Euro Fracture: Foreign Bank Exposure to GIPs

Great chart from the Economist of foreign bank exposure to Greece, Ireland, and Portugal (GIP) and explains why “restructuring” is so taboo with European policymakers.

The Greek sovereign credit curve is inverted with the 2-year now yielding around 18 percent and the 10-year with a 13 percent handle the last time we checked.  The inversion is usually a signal of default as investors/traders start worrying more about absolute price of the bond and potential downside rather than yield.    A bond trading at 97, for example, which matures at par (100) in 30 days yields over 35 percent on and annual basis.   A 5 percent coupon 1o-year bond trading at 55 has an annual yield of 13 percent.   Note which bond has more downside if the issuer defaults and the recovery value is, say, 45.   Witness the inversion.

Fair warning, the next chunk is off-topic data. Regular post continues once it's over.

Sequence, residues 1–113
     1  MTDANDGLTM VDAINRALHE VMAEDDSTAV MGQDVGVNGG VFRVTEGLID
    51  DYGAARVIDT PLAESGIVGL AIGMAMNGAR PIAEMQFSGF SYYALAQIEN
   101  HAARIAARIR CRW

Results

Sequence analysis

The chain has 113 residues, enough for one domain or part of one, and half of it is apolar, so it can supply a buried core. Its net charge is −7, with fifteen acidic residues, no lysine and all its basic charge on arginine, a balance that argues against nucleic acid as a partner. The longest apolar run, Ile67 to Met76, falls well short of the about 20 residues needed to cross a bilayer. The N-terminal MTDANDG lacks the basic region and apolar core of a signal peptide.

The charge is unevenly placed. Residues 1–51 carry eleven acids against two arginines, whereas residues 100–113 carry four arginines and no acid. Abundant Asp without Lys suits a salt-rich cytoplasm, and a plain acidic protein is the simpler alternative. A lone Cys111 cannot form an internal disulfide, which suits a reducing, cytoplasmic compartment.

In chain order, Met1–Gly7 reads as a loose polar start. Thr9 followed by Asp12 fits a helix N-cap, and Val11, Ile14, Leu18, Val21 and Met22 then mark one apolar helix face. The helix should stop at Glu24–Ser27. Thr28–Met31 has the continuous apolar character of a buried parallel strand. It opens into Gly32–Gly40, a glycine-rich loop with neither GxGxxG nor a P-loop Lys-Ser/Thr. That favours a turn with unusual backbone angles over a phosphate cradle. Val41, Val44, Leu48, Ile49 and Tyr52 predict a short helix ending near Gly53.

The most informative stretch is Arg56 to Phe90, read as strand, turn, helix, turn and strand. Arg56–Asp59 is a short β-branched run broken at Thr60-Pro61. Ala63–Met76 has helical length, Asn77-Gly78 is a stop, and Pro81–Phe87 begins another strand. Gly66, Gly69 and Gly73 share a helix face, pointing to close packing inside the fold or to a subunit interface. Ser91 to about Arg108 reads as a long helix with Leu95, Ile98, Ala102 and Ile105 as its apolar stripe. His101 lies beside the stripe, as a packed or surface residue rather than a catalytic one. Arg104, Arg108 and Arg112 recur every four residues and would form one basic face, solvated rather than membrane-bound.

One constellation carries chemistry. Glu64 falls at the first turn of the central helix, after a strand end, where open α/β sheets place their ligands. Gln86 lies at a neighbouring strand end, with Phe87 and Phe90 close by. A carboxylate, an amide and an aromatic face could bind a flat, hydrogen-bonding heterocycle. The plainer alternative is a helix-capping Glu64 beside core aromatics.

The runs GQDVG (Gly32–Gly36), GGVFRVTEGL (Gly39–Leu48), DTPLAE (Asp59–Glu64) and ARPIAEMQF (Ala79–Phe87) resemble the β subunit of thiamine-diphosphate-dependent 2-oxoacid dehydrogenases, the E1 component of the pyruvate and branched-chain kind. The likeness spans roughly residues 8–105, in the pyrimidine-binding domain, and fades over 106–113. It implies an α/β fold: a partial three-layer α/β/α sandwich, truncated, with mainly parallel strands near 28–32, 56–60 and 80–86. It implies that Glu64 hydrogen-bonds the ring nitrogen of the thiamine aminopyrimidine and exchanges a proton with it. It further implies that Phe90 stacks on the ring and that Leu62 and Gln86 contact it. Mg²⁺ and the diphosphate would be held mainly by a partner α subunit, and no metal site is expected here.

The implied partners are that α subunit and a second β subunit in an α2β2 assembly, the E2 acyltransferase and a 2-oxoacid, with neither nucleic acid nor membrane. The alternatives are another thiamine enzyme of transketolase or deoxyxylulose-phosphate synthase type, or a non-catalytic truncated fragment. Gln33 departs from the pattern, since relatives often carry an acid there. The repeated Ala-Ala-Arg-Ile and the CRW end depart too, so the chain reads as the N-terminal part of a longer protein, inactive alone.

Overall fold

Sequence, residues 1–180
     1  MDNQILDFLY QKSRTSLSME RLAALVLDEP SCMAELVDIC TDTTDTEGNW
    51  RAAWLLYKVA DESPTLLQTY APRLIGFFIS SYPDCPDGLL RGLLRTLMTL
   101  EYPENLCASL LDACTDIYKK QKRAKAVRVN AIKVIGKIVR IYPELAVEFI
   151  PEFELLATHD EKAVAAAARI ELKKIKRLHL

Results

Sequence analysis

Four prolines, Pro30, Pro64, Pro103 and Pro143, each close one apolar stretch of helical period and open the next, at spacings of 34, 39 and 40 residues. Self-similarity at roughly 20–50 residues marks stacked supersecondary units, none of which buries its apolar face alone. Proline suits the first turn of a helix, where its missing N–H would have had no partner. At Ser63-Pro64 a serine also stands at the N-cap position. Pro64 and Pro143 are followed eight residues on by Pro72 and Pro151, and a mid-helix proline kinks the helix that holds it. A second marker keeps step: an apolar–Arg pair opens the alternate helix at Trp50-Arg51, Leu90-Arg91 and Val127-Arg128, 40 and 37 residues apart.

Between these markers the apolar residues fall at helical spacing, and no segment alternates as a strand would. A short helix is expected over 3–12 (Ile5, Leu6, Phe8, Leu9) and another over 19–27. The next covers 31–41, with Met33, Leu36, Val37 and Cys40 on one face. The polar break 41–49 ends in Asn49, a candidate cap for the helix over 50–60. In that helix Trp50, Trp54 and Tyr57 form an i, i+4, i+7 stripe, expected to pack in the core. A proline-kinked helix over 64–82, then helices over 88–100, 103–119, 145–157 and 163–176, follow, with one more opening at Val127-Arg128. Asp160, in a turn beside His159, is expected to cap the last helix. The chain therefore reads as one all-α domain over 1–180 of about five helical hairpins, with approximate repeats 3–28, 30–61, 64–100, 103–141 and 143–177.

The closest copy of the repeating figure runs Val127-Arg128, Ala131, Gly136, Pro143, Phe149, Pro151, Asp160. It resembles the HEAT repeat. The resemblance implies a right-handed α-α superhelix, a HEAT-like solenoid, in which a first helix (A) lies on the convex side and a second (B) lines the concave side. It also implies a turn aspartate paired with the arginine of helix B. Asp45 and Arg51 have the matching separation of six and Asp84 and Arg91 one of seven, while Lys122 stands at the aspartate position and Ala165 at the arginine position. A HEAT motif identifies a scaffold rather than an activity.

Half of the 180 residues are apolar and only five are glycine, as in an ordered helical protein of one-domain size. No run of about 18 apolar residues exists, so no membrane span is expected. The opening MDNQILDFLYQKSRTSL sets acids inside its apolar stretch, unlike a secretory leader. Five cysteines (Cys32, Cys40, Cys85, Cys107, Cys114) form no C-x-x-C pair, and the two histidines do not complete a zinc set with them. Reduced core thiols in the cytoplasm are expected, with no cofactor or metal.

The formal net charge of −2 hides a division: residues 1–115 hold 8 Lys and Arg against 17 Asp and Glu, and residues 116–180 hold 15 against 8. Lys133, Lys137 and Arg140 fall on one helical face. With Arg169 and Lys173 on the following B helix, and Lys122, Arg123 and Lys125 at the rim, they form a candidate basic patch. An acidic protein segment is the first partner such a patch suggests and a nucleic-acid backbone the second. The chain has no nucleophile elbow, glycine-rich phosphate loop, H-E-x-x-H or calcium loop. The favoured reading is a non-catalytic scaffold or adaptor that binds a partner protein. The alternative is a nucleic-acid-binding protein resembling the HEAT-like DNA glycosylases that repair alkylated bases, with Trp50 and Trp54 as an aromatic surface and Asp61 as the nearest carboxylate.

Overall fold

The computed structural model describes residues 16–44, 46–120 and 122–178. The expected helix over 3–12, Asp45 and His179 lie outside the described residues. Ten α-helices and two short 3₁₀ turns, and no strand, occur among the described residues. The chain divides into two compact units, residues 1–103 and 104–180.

We’re not so sure global markets will yawn if Greece defaults and are much too complacent (x/ gold) with what is happening in Europe, in our opinion.    Stay tuned.

(click here if chart is not observable)

This entry was posted in Euro, Fiscal Policy, PIIGS, Sovereign Debt, Sovereign Risk and tagged , , , , , . Bookmark the permalink.

1 Response to Euro Fracture: Foreign Bank Exposure to GIPs

  1. robert miers says:

    Looks to me that Britain is getting a “get out of jail free card”
    Germany and the US are doing OK
    And those fearless “no fly” italians are getting the shaft
    Countries with bookie’s always do better, look at Lloyds

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